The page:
Door window This window was purchased from Peninsula Glass Company in Vancouver, WA [$132.00] and I was impressed with the quality. It's size is 18"W x 21"H and is a screened horizontal slider with a 3" corner radius. I traced out the corners on the door using a 3lb coffee can. Peninsula suggested using closed cell foam from your local hardware store to seal the window frame to the trailer. It's secured to the door by the internal clamp ring. Wall thickness must be known before ordering a window of this type. We'll replace the standard screen with a camping tent screen to protect us from No-see-um bugs. These tiny knats can ruin your day with just a few bites.
Kitchen cabinet doors Left over 1/2" oak plywood laminated with Filon on both sides was the chosen material. 1" oak angle molding was trimmed to the 5/8" thickness of the door on one edge with a table saw and siliconed and nailed, holes patched with Minwax oak colored wood putty. Spring hinges & oak pull knobs are from Home Depot. Since our Tear will be bouncing down rough dirt roads, we had to come up with a way to secure the doors. We used twist lock, wing handle type RV door locks which require 1/4 turn to lock or unlock [part #1802A26 $5.20 each, McMaster-Carr].
Interior molding We trimmed off all the interior seams using oak molding. Minwax Polyshades was used to stain and seal everything, including the floor. This satin urethane finish is easy to work with and we eventually applied 6 coats. We wanted access to the kitchen cabinet from the interior so one large rectangular door was made from oak wainscot bead board planks, which is the same material as our headboard. The 5/16" thick wainscot planks is glued to 1/4" lauan plywood and trimmed off with 1" oak angle molding. We hinged it from the bottom and put nylon coated stainless cable lanyards to hold the door in the horizontal position which created a nice table top. The interior or table top of this door is laminated with Filon. We installed a shelf under the cabinet which will be used to store our shoes and other camping gear. Brass coat hooks was installed on both side walls.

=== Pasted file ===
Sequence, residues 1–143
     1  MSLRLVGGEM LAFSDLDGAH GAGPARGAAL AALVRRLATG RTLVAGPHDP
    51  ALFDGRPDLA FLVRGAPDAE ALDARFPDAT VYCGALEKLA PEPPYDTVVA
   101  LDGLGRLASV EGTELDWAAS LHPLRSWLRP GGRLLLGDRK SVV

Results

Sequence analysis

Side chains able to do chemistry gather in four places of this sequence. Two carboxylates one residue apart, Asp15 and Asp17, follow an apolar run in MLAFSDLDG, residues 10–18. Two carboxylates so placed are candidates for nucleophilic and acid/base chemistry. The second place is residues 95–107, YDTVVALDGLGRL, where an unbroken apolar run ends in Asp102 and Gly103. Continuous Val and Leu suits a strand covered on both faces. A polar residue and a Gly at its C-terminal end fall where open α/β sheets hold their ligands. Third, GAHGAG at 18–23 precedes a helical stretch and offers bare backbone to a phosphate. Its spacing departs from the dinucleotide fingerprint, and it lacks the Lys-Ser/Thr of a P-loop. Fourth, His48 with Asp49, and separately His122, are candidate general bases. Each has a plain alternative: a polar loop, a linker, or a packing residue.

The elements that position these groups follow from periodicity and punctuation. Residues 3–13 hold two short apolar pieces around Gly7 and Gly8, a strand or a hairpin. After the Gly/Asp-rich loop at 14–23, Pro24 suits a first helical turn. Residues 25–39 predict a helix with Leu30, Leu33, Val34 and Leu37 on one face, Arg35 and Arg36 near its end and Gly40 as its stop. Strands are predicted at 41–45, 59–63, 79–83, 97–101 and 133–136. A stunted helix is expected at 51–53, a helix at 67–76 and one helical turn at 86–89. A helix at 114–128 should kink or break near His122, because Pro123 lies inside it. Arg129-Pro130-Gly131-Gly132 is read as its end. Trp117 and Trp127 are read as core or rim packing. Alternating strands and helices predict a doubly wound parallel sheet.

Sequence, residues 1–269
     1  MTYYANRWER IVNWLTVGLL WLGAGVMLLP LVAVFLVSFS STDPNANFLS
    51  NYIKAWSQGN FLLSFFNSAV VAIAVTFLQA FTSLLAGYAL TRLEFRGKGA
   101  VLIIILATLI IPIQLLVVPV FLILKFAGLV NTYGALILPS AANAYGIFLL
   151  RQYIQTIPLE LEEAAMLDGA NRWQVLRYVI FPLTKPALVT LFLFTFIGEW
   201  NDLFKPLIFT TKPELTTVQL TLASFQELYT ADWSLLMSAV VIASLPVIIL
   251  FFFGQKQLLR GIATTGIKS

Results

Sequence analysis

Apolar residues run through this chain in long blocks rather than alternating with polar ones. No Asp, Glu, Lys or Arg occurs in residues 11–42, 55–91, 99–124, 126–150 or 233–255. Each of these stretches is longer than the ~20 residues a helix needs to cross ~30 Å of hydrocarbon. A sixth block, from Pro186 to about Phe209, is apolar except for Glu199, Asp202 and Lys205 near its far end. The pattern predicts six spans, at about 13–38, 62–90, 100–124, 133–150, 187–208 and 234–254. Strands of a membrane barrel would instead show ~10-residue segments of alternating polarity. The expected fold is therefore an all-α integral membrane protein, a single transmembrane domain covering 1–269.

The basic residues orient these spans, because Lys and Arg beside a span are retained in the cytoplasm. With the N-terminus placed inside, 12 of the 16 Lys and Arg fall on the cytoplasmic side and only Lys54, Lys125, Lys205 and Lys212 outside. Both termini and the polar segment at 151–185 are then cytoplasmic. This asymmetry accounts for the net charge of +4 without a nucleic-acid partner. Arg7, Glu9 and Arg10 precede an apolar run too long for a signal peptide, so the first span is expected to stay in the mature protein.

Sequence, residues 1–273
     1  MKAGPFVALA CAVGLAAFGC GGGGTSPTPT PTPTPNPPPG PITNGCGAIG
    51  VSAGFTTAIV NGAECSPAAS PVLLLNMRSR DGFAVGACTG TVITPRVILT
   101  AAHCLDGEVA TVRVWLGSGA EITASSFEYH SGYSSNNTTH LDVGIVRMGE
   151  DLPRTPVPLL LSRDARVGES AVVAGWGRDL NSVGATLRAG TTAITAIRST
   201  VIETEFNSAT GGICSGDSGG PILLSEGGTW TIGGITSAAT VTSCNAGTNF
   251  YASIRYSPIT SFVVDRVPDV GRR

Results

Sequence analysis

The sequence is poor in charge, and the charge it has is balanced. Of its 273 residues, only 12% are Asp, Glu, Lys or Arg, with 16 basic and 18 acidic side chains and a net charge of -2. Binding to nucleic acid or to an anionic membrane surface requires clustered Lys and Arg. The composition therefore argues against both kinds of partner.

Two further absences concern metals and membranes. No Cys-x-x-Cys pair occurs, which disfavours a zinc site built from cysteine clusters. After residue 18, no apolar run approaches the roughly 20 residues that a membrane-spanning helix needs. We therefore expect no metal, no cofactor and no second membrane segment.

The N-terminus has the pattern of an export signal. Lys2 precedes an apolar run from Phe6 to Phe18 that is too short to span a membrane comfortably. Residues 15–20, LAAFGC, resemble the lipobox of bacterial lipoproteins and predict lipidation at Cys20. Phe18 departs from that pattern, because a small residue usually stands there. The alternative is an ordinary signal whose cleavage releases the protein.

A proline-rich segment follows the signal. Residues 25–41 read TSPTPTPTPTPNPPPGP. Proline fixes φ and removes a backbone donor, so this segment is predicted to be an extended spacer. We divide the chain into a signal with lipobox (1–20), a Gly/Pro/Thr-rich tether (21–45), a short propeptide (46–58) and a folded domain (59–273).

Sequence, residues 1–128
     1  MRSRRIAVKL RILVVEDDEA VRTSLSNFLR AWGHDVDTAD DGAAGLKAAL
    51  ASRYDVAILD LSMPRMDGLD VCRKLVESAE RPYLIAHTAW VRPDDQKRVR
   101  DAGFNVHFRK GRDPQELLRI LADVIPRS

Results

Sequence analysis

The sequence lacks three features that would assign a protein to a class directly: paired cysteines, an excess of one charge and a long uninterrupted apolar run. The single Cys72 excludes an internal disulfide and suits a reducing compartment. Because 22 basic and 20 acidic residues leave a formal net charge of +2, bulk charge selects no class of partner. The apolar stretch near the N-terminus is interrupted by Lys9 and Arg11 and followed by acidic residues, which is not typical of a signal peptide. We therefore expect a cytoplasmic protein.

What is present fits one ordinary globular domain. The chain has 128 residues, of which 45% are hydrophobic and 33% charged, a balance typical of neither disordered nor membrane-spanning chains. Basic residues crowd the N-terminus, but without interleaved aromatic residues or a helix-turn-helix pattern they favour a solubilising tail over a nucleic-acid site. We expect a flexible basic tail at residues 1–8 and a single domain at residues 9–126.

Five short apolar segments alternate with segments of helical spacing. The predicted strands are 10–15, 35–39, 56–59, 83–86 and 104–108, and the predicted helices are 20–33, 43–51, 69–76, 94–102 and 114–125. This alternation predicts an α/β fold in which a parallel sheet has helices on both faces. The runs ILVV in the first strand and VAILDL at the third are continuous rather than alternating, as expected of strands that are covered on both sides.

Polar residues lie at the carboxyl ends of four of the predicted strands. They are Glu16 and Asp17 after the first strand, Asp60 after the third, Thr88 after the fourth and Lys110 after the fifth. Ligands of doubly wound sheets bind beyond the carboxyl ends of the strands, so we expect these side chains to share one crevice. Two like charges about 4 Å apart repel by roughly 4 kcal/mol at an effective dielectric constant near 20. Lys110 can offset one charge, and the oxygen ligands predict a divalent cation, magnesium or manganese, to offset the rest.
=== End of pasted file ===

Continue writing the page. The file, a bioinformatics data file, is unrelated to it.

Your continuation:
Power supply A 6 conductor cable is used as the main cord for lights and accessory power. It has 4 conductors in 16ga, 1 in 12ga and 1 in 10ga. The tow vehicles alternator will charge or supply power to the Teardrop. A 10 gauge wire with a 30 amp fuse is all that is required for the charging-power supply circuit. We installed a 6" x 6" fiberglass electrical junction box with terminal boards and fuse blocks for all current and future 12vdc items. We'll add a 12v ceramic heater/fan to the interior later. The only 12v accessories we have are 2 interior lights, 1 hatch-kitchen light, water pump and future heater. Our 12v battery box will sit on the ground, under the tongue and we installed a female 6 way plug in the cover so the Tear's light plug can plug into it. A 30 amp fuse is attached to the positive terminal. We didn't want to store the battery inside the Teardrop because the rough ride would destroy a wet acid filled battery. Later we'll install a gel Interstate deep cycle battery.